• English
  • Italiano
Bénabou, R., Tirole, J. (2009). Over My Dead Body: Bargaining and the Price of Dignity. American Economic Review: Papers & Proceedings 99:2, 459–465

Concerns of pride, dignity, and the desire to “keep hope” about future options often lead individuals and groups to walk away from reasonable offers, try to shift blame for failure onto others or take refuge in political utopias. Costly impasses and conflicts result, such as trials, divorces, strikes, the  scapegoating of minorities for economic hardships, and wars. A key and puzzling aspect of these processes is the role played by wishful rationalizations and delusions, as attested by field observers (e.g., Truman F. Bewley (1999) in the context of labor relations; Kevin Woods, James Lacey, and Williamson Murray (2006) in that of war), as well as controlled experiments. Leigh Thompson and George Loewenstein (1992) and Linda C. Babcock et al. (1995) thus demonstrate how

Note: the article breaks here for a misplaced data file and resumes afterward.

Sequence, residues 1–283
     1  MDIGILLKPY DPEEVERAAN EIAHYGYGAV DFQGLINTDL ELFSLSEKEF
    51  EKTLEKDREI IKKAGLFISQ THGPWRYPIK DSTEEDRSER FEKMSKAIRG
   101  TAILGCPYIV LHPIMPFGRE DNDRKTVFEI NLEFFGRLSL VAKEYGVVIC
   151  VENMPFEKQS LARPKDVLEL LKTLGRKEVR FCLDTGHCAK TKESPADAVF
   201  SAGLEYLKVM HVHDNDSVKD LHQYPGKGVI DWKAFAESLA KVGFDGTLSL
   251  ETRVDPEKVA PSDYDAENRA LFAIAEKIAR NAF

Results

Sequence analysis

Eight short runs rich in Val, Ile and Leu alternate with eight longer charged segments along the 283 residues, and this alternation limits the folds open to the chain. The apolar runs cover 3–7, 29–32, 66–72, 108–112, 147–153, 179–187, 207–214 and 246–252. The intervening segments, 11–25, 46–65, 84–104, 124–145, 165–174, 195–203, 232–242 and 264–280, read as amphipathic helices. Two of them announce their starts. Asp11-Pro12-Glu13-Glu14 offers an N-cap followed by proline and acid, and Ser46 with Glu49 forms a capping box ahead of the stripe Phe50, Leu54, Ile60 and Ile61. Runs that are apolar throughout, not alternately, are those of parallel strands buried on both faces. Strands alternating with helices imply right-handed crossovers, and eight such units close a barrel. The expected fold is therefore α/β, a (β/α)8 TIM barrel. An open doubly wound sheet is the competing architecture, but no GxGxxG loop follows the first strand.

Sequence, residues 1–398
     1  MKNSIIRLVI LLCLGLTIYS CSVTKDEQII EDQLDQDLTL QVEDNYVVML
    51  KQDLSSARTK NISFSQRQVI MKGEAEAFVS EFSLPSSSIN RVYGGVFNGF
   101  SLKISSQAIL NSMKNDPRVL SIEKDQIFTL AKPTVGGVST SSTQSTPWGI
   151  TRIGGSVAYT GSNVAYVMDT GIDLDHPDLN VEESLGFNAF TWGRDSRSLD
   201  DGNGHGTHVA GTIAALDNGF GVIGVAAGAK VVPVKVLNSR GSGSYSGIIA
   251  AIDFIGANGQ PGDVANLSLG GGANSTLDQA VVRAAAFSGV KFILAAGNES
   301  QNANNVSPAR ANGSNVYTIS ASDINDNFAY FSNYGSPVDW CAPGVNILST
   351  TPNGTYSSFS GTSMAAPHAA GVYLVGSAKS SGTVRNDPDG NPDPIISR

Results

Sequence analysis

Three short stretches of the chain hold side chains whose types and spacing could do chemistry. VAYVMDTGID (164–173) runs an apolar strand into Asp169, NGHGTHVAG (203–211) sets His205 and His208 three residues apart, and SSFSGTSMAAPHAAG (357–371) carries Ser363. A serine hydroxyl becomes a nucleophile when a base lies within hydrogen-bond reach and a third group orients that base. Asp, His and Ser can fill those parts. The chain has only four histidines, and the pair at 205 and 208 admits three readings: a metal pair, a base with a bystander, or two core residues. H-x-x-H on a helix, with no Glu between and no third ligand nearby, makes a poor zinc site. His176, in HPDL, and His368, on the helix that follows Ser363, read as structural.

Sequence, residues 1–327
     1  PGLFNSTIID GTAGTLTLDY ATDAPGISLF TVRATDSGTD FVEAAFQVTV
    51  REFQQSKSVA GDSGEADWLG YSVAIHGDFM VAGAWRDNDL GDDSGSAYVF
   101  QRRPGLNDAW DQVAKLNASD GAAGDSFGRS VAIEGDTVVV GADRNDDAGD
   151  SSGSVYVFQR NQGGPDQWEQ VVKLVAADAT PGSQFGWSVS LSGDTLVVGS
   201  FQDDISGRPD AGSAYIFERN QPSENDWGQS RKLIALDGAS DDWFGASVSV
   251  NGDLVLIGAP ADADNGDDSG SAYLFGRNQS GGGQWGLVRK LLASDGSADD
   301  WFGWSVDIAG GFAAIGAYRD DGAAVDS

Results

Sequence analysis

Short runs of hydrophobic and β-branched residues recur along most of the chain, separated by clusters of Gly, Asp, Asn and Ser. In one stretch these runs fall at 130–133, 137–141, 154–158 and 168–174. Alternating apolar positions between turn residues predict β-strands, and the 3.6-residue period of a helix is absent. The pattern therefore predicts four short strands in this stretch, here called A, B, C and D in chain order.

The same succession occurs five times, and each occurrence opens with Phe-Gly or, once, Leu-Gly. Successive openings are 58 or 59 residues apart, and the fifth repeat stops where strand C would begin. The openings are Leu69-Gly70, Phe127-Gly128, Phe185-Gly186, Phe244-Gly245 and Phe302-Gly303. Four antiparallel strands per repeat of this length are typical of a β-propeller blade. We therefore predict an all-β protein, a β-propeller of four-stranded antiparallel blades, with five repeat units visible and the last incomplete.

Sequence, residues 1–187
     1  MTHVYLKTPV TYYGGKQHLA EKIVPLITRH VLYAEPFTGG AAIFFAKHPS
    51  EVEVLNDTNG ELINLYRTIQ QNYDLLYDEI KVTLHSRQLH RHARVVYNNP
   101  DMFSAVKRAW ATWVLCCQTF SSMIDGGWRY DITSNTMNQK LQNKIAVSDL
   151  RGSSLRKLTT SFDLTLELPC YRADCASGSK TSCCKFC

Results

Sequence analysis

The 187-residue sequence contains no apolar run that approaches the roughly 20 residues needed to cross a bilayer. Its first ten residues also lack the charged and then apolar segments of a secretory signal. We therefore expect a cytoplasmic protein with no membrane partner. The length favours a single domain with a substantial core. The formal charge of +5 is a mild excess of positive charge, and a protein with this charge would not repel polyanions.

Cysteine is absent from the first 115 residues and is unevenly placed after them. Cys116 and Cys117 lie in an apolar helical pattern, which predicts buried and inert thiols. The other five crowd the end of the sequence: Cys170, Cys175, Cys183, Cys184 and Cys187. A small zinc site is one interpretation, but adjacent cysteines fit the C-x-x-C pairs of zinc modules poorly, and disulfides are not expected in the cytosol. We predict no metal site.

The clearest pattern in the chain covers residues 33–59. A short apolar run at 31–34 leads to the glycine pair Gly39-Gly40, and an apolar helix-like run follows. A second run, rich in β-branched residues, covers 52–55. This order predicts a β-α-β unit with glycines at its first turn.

subjects in bargaining situations with common knowledge spontaneously generate, through self-serving processing and recall of the same evidence, divergent beliefs about the fairness of their cause and wishful predictions of outcomes, and how these are associated to costly delays and disagreements.

[Continue reading]


Bénabou, Roland J. M.

Roland Bénabou joined the faculty of Princeton University in 1999 and holds a joint appointment in the Department of Economics and the Woodrow Wilson School of Public and International Affairs. Bénabou’s research spans both macroeconomic and microeconomic areas, such as the...

Tirole, Jean

Jean Tirole is Scientific Director of IDEI, Member of the Toulouse School of Economics (TSE), Ingénieur général des Ponts et Chaussées and Chairman of the Board of Directors, Toulouse School of Economics.

Contenuti allegati

Prossimi eventi

Nessun evento presente.